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Giancarlo Stanton has ‘no new injury’

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UPDATE: Yankees manager Aaron Boone said this morning that an MRI on Giancarlo Stanton‘s right knee showed “no new injury. It’s feeling sore and stiff, but he’s not dealing with any swelling and he’s listed as available for today’s game, even if he’s not in the lineup.

9:16 AM: Giancarlo Stanton was pulled from last night’s game against the Blue Jays due to right knee pain, which the Yankees are calling a knee contusion. He’ll have an MRI today after which more will be known.

It’s not entirely clear when Stanton suffered the injury, but he made an awkward headfirst slide at one point last night and may have banged it. It happens.

Stanton has played six games since returning from an extended stay on the injured list. He’s 7-for-23 with a homer and seven RBI in that time.

Red Sox employees “livid” over team pay cut plan

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Even Drellich of The Athletic reports that the Boston Red Sox are cutting the pay of team employees. Those cuts, which began to be communicated last night, apply to all employees making $50,000 or more. They are tiered cuts, with people making $50-99,000 seeing salary cut by 20%, those making $100k-$499,000 seeing $25% cuts and those making $500,000 or more getting 30% cuts.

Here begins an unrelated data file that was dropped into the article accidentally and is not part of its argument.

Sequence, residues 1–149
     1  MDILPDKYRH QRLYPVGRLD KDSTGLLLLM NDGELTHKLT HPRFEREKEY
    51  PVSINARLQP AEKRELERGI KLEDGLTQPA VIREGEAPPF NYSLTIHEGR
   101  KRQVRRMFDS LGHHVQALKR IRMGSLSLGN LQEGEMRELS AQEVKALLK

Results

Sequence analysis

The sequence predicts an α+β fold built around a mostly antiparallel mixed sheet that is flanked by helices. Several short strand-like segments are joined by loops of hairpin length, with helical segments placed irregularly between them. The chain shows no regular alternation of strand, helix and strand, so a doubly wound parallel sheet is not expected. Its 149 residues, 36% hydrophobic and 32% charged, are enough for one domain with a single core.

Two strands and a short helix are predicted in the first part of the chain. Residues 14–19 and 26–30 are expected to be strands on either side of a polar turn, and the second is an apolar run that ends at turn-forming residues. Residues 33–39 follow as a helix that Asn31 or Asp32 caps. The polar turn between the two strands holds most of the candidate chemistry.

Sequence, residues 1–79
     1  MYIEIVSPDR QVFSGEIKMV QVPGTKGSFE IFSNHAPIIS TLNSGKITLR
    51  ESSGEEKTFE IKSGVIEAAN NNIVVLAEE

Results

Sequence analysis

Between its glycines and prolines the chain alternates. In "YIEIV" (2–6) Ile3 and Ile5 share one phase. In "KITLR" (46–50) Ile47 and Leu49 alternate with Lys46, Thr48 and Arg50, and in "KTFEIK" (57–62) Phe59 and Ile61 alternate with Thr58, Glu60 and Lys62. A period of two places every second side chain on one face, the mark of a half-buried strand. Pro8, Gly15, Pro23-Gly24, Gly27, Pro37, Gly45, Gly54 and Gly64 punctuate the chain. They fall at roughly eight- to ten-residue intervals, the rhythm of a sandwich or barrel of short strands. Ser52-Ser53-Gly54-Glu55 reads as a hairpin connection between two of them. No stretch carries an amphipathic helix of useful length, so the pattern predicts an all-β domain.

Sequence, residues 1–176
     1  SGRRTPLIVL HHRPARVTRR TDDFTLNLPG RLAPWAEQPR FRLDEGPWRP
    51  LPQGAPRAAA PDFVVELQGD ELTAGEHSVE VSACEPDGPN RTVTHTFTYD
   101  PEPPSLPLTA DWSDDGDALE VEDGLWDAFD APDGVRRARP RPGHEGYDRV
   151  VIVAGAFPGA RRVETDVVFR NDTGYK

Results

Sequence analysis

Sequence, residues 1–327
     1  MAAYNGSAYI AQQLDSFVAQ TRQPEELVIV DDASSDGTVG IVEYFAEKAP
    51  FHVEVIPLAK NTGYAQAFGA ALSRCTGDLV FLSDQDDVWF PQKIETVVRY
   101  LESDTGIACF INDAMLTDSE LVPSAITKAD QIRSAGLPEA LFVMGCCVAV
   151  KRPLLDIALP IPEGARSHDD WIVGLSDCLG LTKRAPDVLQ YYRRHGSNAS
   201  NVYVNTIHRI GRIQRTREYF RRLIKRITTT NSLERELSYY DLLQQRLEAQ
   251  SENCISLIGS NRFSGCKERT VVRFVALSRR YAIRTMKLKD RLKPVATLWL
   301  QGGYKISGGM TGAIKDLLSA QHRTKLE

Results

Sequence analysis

Drellich reported that a Red Sox employee told him that “people are livid” over the fact that those making $100K are being treated the same way as those making $500K. And, yes, that does seem to be a pretty wide spread for similar pay cuts. One would think that a team with as many analytically-oriented people on staff could perhaps break things down a bit more granularly.

Notable in all of this that the same folks who own the Red Sox — Fenway Sports Group — own Liverpool FC of the English Premier League, and that just last month Liverpool’s pay cut/employee furlough policies proved so unpopular that they led to a backlash and a subsequent reversal by the club. That came after intense criticism from Liverpool fan groups and local politicians. Sox owner John Henry must be confident that no such backlash will happen in Boston.

As we noted yesterday, The Kansas City Royals, who are not as financially successful as the Boston Red Sox, have not furloughed employees or cut pay as a result of baseball’s shutdown in the wake of the COVID-19 pandemic. Perhaps someone in Boston could call the Royals and ask them how they managed that.